Abraham Galloway is the Black figure from the Civil War you should know about

Posted in Articles, Audio, Biography, History, Media Archive, Slavery, United States, Videos on 2022-02-13 02:46Z by Steven

Abraham Galloway is the Black figure from the Civil War you should know about

All Things Considered
National Public Radio

Elizabeth Blair, Senior Producer/Reporter, Arts Desk

Engraved portrait of Abraham Galloway from William Still’s The Underground Railroad, published in 1872.
William Still’s ‘The Underground Railroad,’ 1872

He has been compared to James Bond and Malcolm X, though his name has largely been left out of the history books.

Abraham Galloway was an African American who escaped enslavement in North Carolina, became a Union spy during the Civil War and recruited Black soldiers to fight with the North. That’s the short version. The fuller picture would include his work as a revolutionary and being one of the first African Americans elected to the North Carolina Senate.

David Cecelski, author of The Fire of Freedom: Abraham Galloway and the Slaves’ Civil War, calls him a “swashbuckling figure who wouldn’t take sass from Northern or Southern or Black or white, Union or Confederate.”

When Cecelski was doing research for another book about maritime slavery, he kept coming across Galloway’s name. “And the stories were sort of so different than what I had been taught about slavery or the Civil War, or the role of African Americans in the Civil War,” he says…

Read or listen to the story (00:05:07) here.

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“White Enough to Pass”: Uncovering the story of John Wesley Gibson

Posted in Articles, History, Media Archive, Passing, Slavery, United States on 2016-06-15 14:15Z by Steven

“White Enough to Pass”: Uncovering the story of John Wesley Gibson

underbelly: From the Deepest Corners of the Maryland Historical Society Library

Excerpt from William Still’s 1872 book, The Underground Railroad: A Record of Facts, Authentic Narratives, Letters, & c., Narrating the Hardships Hair-breadth Escapes and Death Struggles of the Slaves in their Efforts for Freedom, as Related by Themselves and Others, or Witnessed by the Author; Together with Sketches of Some of the Largest Stockholders, and Most Liberal Aiders and Advisors, of the Road, E450 .S85, MdHS. (reference photo)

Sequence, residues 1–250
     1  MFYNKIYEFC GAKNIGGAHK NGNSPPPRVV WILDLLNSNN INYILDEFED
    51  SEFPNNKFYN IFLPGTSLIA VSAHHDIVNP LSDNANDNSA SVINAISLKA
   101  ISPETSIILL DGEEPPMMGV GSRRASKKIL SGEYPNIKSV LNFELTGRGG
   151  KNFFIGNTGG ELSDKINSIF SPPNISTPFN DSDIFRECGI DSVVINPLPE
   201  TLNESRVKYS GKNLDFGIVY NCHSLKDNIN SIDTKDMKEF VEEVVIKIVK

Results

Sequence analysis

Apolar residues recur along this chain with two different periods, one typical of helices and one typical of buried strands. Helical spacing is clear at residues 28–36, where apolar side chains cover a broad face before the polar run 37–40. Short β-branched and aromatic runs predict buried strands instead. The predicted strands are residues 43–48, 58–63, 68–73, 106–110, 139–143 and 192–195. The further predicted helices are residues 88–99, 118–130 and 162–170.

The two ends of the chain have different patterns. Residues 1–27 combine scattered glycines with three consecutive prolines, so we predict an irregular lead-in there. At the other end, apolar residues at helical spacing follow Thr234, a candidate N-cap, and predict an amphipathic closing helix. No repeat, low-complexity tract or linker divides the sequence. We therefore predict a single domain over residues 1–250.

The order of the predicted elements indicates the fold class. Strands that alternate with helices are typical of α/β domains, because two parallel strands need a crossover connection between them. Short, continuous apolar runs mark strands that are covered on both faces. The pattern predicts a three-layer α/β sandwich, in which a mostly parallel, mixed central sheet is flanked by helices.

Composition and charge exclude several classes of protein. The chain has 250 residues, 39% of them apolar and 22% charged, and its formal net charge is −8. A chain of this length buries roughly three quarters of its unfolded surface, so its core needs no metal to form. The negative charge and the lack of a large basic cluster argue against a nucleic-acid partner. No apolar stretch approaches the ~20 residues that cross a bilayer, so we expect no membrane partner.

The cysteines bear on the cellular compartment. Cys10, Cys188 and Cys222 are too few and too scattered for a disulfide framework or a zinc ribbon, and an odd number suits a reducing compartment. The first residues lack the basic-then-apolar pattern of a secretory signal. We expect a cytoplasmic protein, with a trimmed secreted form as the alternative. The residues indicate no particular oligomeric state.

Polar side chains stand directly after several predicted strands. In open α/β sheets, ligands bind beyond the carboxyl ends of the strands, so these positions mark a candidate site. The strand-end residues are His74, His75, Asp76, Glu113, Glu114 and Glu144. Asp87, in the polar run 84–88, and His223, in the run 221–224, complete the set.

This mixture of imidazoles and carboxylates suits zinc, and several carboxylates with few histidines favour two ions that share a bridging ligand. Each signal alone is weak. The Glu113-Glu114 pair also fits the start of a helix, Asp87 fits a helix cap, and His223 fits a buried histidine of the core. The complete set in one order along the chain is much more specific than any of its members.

“John Wesley Gibson represented himself to be not only the slave, but also the son of William Y. Day, of Taylor’s Mount, Maryland…” This is the opening statement of a slave narrative that tells the story of a man who chose freedom in a place and time that allowed slavery — Maryland in the 1850s. The short narrative offers details of his appearance (looks like his father); job description (farm foreman); his age (28); how he escaped (passed as a white man) and how he detested bondage (severe restrictions). Little else is known of John Wesley Gibson other than one paragraph of information in a 780-page history of the Underground Railroad published in 1872. After Gibson escaped, where did he go? What was his life like at Taylor’s Mount? Is there a way to verify the information in the narrative? His mother Harriet and sister Frances were mentioned in the story. What happened to them? How do we find out more info? Or are they lost to history?…

Read the entire article here.

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Irish Immigrants and the Underground Railroad

Posted in Articles, History, Media Archive, Slavery, United States on 2015-07-21 01:35Z by Steven

Irish Immigrants and the Underground Railroad


Liam Hogan

A Ride for Liberty — The Fugitive Slaves, oil on paperboard, ca. 1862, Brooklyn Museum

But the Irish are indeed a strange people. How varied their aspect — how contradictory their character.
William Wells Brown (1852)

What William Wells Brown should have said was “the Irish are human.”

The sad history of anti-black violence perpetrated by some Irish immigrants in the United States is well known. This was often the abominable product of racism, political self-interest, craven leadership and labour competition. While these incidents, such as the New York Draft riots (1863) or the Memphis massacre (1866), were committed by a fraction of Irish immigrants who settled in the United States, they have certainly cast a long shadow over the historical relationship between the Irish-American and African-American communities. Some Irish were also active in disrupting the activities of the Underground Railroad. See the famous case of the self-emancipated slave Anthony Burns who was arrested under the Fugitive Slave Law in 1854 and held in custody in Boston. When a group of African Americans and white anti-slavery activists attempted to rescue him by force, it was an Irish militia which suppressed their advances. One of their deputised number was stabbed and killed during the altercation. When African Americans held a vigil before Burns was sent back to his owners they were subjected to the “jeers and insults of pro-slavery Irishmen.” Sojourner Truth witnessed how Burns was marched on to the ship, a solitary figure, under the armed guard of two thousand armed white men. Some of those in the crowd, likely to be Irish-Americans, cheered at this pathetic procession. They also pointed at prominent abolitionists in the crowd, shouting “there go [the] murderers” of an Irish labourer. The historian Noel Ignatiev has described the actions of the Boston Irish militia as being evidence that the Irish were “the Swiss Guards of the Slave Power.”